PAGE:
SCOTUS Vacates and Remands Case in Light of Octane Fitness

By Gabriella Khorasanee, JD on May 09, 2014 | Last updated on March 21, 2019

We can't get enough of fee shifting in patent cases. Just on the heels of the Court's decisions in Octane Fitness and Highmark, the Supreme Court granted cert in another case, also under Patent Act's Section 285, which allows a "court in exceptional cases may award reasonable attorney fees to the prevailing party."

In one fell swoop, the Supreme Court, in a summary disposition, granted cert., vacated the decision of the Federal Circuit, and remanded the case in Kobe Properties Sarl, et al., v. Checkpoint Systems, Inc. Read on for details.

Federal Circuit Opinion

Checkpoint Systems, Inc. sued All-Tag Security for patent infringement, but a jury was unconvinced and found the "patent not infringed, invalid, and unenforceable." Upon entering judgment, the district court found the circumstances of the case "exceptional" and awarded All-Tag $6.6 million in attorney's fees, costs and interest.

On appeal, the Federal Circuit reversed the award, and stated: "The infringement charge was not shown to have been made in bad faith or objectively baseless. The district court's determination that this was an exceptional case under § 285 is not supported by the record." And, with that, reversed the district court's award of $6.6 million in attorneys fees, costs and interest; the defendants appealed.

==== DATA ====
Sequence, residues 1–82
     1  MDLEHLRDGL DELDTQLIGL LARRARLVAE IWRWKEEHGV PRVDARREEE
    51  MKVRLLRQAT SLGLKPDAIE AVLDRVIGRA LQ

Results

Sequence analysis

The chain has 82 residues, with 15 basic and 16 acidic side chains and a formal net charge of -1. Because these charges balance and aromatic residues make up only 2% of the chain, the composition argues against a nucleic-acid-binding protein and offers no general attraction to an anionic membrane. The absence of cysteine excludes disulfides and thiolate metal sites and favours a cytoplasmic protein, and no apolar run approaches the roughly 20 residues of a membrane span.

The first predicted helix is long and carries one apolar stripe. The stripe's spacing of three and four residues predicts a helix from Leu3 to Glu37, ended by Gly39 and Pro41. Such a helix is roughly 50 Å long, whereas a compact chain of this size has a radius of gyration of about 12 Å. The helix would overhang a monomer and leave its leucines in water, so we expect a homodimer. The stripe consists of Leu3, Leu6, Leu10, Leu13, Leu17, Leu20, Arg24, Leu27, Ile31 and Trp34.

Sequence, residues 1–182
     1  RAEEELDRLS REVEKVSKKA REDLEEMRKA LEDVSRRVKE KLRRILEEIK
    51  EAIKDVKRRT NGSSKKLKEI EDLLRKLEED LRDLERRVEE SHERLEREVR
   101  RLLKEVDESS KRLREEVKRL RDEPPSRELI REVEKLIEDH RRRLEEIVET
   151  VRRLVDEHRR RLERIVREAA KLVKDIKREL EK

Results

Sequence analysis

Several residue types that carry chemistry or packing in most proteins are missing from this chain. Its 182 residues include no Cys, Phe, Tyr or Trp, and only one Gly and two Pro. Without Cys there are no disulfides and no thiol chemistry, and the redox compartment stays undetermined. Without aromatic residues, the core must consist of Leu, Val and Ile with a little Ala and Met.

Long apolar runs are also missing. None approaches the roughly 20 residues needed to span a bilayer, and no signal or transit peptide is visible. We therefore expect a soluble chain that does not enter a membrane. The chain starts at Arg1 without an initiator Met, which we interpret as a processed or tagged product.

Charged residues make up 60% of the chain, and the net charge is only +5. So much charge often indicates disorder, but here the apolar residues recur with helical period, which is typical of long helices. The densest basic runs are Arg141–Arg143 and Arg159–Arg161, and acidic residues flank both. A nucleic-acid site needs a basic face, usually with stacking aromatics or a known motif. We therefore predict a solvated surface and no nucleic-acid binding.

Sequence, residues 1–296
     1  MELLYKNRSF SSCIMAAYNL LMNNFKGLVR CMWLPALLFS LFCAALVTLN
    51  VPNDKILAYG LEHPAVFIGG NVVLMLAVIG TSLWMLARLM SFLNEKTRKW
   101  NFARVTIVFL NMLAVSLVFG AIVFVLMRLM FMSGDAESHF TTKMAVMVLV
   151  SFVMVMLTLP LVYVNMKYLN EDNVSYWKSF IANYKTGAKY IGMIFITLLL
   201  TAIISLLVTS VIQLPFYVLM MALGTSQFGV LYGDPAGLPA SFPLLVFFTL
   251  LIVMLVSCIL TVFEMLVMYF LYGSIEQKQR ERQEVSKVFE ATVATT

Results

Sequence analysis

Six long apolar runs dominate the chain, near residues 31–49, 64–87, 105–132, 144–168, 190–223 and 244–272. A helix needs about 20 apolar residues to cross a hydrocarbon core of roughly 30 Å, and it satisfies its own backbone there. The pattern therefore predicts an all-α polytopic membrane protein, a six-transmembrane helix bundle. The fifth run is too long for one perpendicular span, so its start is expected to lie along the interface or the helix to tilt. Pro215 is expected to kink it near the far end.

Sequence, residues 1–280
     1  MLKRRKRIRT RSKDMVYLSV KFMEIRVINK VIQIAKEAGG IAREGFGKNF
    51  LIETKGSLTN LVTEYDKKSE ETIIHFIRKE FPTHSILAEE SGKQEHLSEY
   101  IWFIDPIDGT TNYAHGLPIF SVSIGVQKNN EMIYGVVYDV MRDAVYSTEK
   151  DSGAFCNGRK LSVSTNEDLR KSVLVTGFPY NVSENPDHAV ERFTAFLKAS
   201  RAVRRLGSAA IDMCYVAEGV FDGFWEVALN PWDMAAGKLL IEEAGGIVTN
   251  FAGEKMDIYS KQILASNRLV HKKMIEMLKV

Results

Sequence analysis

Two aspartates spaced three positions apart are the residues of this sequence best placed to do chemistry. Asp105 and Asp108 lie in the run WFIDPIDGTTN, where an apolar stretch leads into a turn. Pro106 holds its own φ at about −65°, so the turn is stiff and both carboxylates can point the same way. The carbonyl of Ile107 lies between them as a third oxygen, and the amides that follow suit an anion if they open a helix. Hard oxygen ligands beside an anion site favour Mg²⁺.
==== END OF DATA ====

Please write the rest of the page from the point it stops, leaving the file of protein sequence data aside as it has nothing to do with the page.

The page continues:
Octane Fitness and Highmark

While the petition for writ of certiorari was pending, the Supreme Court decided Octane Fitness, which "held that the objectively baseless standard is improper and too strict," according to Patently-O. In Highmark, the Court held that the proper standard of review of an award of attorneys' fees is abuse of discretion.


In one stroke, the Supreme Court granted the petition for writ of certiorari, vacated the Federal Circuit's decision, and remanded in light of its recent decision in Octane Fitness and Highmark. Now, the Federal Circuit will have to apply the abuse of discretion standard, so we can expect the $6.6 million award to stick. The Court's decision will have an impact far beyond this case though, and may likely have a chilling effect on baseless patent troll claims.

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